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Viktor Tsepelin supervises 3 postgraduate research students. If these students have produced research profiles, these are listed below:

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Dr Viktor Tsepelin

Reader in Low Temperature Physics

Viktor Tsepelin

Lancaster University

Physics Building

LA1 4YB

Lancaster

Tel: +44 1524 593757

PhD supervision

Please contact me if you are interested in PhD in low temperature physics. PhD projects are available on experimental observations and computer simulations of quantum turbulence, probing of superfluid 3He and 4He using conventional and nano-electromechanical oscillators, cooling nano-electromechanical objects to low temperature.

Research Interests

My core speciality is low temperature physics. Research at ultralow temperatures is a critical discipline that has a large impact on society. MRI machines in hospitals, CERN apparatus and prototype quantum computers are available because of low temperature physics. By cooling material down, the thermal motion of atoms and electrons is arrested, revealing the subtle nature of quantum mechanics and associated effects, which are hidden at room temperature. For example, helium gas (4He), used for party balloons and scuba-diving, along with its lighter and much rarer isotope 3He, are the only substances which remain liquid and do not freeze even at absolute zero of temperature. Instead of turning into a solid, 3He and 4He liquids exhibit superfluidity, the ability to flow without dissipation and become motionless (irrotational) with respect to the background stars of the universe. Superfluid 3He is an exotic quantum system (it is made up of three different superfluids called mass-, spin- and orbital-superfluids), and can be used to model many other areas of physics ranging from complex classical systems to cosmology. In my research, I agitate and destroy the superfluid condensate using a variety of mechanical oscillators to learn about processes in the early universe and turbulence.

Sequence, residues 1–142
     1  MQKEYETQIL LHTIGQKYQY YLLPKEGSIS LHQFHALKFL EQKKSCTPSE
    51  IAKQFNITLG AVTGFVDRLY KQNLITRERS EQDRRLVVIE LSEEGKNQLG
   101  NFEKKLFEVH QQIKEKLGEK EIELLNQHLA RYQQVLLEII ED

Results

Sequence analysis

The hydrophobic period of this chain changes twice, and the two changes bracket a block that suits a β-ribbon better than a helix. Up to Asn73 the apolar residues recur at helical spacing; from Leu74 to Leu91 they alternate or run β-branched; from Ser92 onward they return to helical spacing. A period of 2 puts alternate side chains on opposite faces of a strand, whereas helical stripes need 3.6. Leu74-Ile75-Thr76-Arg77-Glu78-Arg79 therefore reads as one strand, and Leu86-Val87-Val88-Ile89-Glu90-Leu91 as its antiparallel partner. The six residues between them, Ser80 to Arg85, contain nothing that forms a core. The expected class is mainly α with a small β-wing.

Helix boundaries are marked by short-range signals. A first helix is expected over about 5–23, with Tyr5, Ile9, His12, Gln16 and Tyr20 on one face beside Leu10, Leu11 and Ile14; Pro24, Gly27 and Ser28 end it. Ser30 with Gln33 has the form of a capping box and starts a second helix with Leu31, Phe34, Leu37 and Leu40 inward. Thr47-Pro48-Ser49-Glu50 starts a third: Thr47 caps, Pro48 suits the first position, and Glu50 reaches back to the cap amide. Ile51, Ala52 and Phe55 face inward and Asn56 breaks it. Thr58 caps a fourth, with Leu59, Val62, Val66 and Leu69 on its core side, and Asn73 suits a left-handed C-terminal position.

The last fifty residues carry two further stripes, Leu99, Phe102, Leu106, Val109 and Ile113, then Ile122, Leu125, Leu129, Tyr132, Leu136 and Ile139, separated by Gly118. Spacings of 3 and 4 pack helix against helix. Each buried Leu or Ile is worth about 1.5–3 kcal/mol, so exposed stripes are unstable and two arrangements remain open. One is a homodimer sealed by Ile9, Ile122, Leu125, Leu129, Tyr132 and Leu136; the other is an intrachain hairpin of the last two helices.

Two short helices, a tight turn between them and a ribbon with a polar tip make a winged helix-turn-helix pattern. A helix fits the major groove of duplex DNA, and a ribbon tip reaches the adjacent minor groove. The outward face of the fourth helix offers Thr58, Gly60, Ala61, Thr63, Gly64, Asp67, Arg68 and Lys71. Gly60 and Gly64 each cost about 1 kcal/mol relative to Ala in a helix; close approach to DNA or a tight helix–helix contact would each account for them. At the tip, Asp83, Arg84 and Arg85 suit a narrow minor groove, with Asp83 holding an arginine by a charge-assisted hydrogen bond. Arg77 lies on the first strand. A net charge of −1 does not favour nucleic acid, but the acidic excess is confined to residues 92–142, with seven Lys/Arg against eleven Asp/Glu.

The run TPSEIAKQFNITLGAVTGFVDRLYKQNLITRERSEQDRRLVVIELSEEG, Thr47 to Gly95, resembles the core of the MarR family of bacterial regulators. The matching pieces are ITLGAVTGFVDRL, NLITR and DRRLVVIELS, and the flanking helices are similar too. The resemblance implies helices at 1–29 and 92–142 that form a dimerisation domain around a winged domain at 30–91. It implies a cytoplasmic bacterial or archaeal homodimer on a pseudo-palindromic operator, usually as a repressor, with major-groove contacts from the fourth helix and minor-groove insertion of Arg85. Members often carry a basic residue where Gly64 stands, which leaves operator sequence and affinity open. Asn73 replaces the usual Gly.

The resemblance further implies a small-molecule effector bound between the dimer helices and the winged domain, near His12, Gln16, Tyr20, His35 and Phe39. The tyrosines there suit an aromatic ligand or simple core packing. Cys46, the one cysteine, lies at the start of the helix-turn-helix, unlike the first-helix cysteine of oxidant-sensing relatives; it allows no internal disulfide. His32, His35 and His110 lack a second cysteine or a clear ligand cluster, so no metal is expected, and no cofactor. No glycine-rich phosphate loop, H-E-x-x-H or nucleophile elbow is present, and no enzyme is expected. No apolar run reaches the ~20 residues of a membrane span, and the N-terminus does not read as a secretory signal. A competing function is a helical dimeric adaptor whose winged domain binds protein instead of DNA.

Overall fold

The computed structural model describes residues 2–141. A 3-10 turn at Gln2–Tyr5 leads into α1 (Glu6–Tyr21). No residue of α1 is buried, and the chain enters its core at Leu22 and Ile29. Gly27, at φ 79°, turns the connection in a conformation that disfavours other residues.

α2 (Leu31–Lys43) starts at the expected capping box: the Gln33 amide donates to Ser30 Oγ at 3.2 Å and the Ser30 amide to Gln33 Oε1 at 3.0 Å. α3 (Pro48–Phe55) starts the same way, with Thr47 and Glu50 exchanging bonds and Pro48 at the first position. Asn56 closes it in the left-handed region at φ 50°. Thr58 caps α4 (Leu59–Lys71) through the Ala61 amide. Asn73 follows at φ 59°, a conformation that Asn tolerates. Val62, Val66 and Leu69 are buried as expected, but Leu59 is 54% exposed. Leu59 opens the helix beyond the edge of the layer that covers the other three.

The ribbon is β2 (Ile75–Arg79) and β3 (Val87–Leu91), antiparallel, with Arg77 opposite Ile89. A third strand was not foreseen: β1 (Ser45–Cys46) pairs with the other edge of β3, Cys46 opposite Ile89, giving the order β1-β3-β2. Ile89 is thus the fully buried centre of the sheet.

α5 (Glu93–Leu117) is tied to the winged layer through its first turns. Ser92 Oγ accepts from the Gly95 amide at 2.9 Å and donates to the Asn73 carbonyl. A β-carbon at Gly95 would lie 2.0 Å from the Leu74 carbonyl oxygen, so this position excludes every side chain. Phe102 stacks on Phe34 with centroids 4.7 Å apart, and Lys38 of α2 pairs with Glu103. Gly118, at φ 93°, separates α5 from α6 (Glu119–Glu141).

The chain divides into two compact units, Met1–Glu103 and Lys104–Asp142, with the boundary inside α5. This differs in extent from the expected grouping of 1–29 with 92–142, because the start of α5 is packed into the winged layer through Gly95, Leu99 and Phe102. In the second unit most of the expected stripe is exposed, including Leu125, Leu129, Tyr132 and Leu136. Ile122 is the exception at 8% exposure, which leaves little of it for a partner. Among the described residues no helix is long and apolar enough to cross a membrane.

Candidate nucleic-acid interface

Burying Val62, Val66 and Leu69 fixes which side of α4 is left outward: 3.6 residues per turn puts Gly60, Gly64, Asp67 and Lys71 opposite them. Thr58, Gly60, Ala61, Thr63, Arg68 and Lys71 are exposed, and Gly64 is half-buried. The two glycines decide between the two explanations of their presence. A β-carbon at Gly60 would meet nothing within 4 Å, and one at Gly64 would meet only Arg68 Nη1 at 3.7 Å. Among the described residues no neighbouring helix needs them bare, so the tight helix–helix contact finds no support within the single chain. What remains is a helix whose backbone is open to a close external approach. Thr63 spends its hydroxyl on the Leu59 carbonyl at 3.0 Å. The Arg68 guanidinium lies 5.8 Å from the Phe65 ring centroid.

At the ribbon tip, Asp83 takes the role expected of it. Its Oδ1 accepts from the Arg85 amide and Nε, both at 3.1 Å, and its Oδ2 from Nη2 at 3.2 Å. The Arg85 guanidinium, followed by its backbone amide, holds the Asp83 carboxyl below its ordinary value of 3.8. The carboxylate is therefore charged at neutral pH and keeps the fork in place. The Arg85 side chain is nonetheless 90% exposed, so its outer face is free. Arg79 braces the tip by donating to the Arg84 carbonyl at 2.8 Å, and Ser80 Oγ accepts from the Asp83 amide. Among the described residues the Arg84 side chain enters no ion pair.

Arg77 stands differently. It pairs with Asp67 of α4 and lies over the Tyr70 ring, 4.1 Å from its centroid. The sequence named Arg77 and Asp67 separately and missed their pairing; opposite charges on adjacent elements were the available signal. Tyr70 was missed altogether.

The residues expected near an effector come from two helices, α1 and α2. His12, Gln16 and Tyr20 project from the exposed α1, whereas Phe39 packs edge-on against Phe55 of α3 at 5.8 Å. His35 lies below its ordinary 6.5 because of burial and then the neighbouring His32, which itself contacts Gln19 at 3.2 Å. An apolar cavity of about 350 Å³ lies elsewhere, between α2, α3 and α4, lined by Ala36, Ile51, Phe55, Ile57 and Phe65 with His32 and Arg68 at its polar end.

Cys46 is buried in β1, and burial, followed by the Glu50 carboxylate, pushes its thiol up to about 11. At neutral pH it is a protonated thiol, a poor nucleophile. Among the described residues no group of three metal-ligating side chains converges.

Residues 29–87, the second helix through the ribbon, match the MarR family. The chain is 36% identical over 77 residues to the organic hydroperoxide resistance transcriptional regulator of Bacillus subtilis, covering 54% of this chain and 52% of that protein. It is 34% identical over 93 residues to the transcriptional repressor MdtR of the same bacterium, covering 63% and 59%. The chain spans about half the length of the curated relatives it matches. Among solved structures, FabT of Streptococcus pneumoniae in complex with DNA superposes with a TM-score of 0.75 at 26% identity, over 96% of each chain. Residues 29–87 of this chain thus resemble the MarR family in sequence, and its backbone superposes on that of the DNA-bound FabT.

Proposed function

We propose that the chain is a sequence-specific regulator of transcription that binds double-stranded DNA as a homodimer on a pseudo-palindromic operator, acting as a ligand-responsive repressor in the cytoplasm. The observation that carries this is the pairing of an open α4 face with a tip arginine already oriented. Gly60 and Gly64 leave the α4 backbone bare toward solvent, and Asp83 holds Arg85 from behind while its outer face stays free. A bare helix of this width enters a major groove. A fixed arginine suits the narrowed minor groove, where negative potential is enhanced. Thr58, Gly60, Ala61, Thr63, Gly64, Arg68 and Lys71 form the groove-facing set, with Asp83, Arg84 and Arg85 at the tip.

Career Details

I have graduated from Tartu University in Estonia. During my doctorate degree at the Low Temperature Laboratory at Helsinki University of Technology I have conducted optical studies of morphology and growth kinetics of helium-3 crystals below 1 mK. After doctorate degree I have spent three years at the Stanford University researching magnetization of superfluid Helium-3 in the vicinity of superfluid transition. Presently I am a member of Lancaster Ultra Low Temperature Group.

Current Teaching

PHYS112 - 1st year undergraduate course on Integration

PHYS132 - 1st year undergraduate course on Basic Physics Skills (Problem Solving and Data Analysis)

PHYS352 - 3rd year undergraduate Low Temperature Physics laboratory (Superfluidity and Superconductivity)   

PhD Supervisions Completed

2016 - Sean Ahlstrom - "Quasiparticle Beam Prole Measurements in Superfluid Helium 3 - B"

2015 - Andrew John Woods - "Visualisation of Quantum Turbulence in Superfluid 3He-B Using a Novel 2D Quasiparticle Detector"

2014 - Edward Ashley Guise - "Developing a Quasiparticle Detector for Quantum Turbulence Imaging Studies in Superfluid 3He-B"

2011 - Martin Jackson - "A Study of Quantum Turbulence in Superfluid 3He-B Using Vibrating Structures"

PhDs Examined

2017 – PhD Thesis, Kosice - Frantisek Vavrek “Spin and Quasiparticle Dynamics in Superfluid 3He-B at Zero Temperature Limit”

2014 – PhD Thesis, Royal Holloway University – Kristian Kent “Development and Characterisation of New Exfoliated Graphite Substrates for the Study of Adsorbed Helium Films”

2014 – PhD Thesis, Manchester University – Fatemeh Pakpour “Investigation of Quantum Turbulence in Superfluid 4He Using Injected Ions and 2He∗ Molecules in the Zero Temperature Limit”

2012 – PhD Thesis, Manchester University – Peter Thompson “Motion of Charged Quantized Vortex Lines in Superfluid 4He in the Low Temperature Limit”

2011 – PhD Thesis, Nottingham University – Kunal Lulla “Dissipation and Nonlinear Effects in Nanomechanical Resonators at Low Temperatures”

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